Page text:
IntroductionSTP is an efficient decision procedure for the validity (or
satisfiability) of formulas from a quantifierfree manysorted theory
of fixedwidth bitvectors and (nonextensional) onedimensional arrays.
The functions in STP's input language include concatenation,
extraction, left/right shift, signextension, unary minus, addition,
multiplication, (signed) modulo/division, bitwise Boolean operations,
ifthenelse terms, and array reads and writes. The predicates in the
language include equality and (signed) comparators between bitvector
terms. The file based input formats that STP reads are the: CVC, SMTLIB1, and SMTLIB2 formats. The SMTLIB2 format is the recommended file format, because it is parsed by all modern bitvector solvers. STP implements a subset of the SMTLIB2 language; not all SMTLIB2 features are implemented. Input Formats accepted by STPSTP uses the file extension to select the appropriate parser, but this can be overridden by command line options (use h to see the command line options). Files with a cvc extension automatically cause STP to use the CVC parser, the smt extension triggers the SMTLIB1 parser, and the smt2 extension triggers the SMTLIB2 parser. SMTLIB2 languageSTP supports the SMTLIB1 and SMTLIB2 formats. See the SMTLIB website
for a formal description of the languages. We give some of the SMTLIB2 bitvector operations below. The bitvector operations and all of their semantics are given at the SMTLIB2 website here HeaderThe SMTLIB2 format uses a header to tell the solver which type of problem is coming, the header needed is: (setlogic QF_ABV) QF_BV is for bitvector problems, QF_ABV is for bitvector and array problems. Declarations

Name 
Symbol 
Example 
Concatenation 
concat 
(concat (_ bv0 16) x) 
Extraction 
extract 
((_ extract 7 0) o277135888) 
left shift 
bvlshl 
(bvlshl x y) 
right shift 
bvlshr 
(bvlshr x y) 
sign extension 
sign_extend 
((_ sign_extend 24) x) 
Array READ 
select 
(select e829 v817) 
Array WRITE 
store 
(store a x y) 
 For extraction terms, say ((_extract i j) t), n > i >= j >= 0, where n is the length of t.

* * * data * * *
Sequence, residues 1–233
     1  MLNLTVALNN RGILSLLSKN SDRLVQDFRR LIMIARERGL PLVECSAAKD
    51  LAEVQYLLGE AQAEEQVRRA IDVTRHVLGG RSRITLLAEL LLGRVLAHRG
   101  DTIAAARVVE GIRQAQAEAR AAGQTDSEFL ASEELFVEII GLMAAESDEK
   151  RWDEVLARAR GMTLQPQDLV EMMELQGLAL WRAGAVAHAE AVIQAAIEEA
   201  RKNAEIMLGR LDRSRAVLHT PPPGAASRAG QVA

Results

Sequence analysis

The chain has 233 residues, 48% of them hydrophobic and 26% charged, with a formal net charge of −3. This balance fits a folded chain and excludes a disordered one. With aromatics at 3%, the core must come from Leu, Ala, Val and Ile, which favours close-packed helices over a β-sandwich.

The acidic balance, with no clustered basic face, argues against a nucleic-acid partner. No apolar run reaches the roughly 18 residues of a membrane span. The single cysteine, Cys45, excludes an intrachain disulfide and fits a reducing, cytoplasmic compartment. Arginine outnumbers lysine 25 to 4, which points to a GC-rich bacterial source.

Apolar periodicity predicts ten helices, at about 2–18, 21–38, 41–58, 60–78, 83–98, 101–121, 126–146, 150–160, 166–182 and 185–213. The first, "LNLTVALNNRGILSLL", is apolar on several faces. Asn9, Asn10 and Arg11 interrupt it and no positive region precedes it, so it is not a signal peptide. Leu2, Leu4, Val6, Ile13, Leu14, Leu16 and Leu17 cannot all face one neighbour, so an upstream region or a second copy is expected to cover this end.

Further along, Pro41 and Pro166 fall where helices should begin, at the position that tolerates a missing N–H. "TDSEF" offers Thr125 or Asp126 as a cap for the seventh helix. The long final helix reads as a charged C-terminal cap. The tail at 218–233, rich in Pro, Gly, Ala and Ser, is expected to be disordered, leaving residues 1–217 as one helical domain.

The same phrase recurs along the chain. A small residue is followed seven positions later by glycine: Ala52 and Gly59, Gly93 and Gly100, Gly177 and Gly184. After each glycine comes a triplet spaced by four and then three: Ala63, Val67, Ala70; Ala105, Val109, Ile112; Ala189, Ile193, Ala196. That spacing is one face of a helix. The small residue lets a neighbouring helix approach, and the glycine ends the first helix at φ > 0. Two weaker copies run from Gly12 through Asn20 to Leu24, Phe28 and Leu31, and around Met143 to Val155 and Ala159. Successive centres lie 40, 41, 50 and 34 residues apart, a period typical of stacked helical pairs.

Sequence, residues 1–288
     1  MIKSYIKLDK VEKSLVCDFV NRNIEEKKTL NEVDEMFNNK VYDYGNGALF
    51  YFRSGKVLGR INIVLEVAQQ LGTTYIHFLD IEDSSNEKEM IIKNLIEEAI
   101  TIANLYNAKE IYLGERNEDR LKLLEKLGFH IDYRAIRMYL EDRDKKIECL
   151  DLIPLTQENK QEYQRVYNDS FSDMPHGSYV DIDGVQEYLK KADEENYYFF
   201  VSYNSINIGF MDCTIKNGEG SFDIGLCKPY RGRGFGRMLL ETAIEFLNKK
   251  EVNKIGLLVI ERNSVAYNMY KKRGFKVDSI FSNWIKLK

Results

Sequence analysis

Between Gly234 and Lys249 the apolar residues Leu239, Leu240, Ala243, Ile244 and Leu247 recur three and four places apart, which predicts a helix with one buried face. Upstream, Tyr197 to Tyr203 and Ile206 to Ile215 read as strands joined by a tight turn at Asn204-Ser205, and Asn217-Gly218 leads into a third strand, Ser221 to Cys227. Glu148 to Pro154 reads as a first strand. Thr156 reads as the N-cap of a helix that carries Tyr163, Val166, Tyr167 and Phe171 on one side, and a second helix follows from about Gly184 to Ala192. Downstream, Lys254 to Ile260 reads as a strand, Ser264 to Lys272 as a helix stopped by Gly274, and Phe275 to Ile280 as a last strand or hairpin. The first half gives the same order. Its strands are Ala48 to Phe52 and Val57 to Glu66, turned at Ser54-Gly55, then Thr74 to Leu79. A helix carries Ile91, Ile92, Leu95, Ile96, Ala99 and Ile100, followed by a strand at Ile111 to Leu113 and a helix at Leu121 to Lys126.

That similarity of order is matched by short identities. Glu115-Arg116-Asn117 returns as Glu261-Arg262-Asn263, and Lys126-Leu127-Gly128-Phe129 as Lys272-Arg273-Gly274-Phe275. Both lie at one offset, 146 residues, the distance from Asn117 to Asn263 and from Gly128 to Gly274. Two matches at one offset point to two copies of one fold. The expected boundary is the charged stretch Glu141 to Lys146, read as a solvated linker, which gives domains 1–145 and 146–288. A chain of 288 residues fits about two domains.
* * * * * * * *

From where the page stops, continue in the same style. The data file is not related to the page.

For left shift terms, t << k is equal to k 0's appended to t. The length of t << k is n.
 For right shift terms, say t >> k, the term is equal to the bitvector obtained by k 0's followed by t[n1:k]. The length of t >> k is n.
Name 
Symbol 
Example 
Bitwise AND 
bvand 
(bvand o1 o6) 
Bitwise OR  bvor 
(bvor var29 var30) 
Bitwise NOT 
bvnot 
(bvnot (_ bv0 2000)) 
Bitwise XOR 
bvxor 
(bvxor e7015 e7019) 
 The arguments of bitwise functions have the same length.
Footer
After defining the problem, tell STP what to do. Usually this is to check the satisfiability, then to exit:
(checksat)
(exit)
Examples
There are many SMTLIB2 format examples in STP's source code repository. Look for files with a .smt2 extension
here .
(setlogic QF_BV)
(setinfo :smtlibversion 2.0)
(setinfo :status sat)
(assert (= (bvsdiv (_ bv3 2) (_ bv2 2)) (_ bv0 2)))
(checksat)
(exit)
The CVC language
In this section we describe the input language that STP expects by default.
Declarations
x : BITVECTOR(32);
An example of an array declaration is as follows:
x_arr : ARRAY BITVECTOR(32) OF BITVECTOR(5000);
Functions
and Terms
Bitvector variables (or terms) of length 0 are not allowed. Bitvector constants can be represented in binary or hexadecimal format. The rightmost bit is called the least significant bit (LSB), and the leftmost bit is the most significant bit(MSB). The index of the LSB is 0, and the index of the MSB is n1 for an nbit constant. This convention naturally extends to all bitvector expressions. Following are some examples of bitvector constants:
0bin0000111101010000, and the corresponding hex representation is 0hex0f50.
The Bitvector implementation in STP supports a very large number of functions and predicates. The functions are categorized into wordlevel functions, bitwise functions, and arithmetic functions. Let t1,t2,...,tm denote some arbitrary bitvector terms.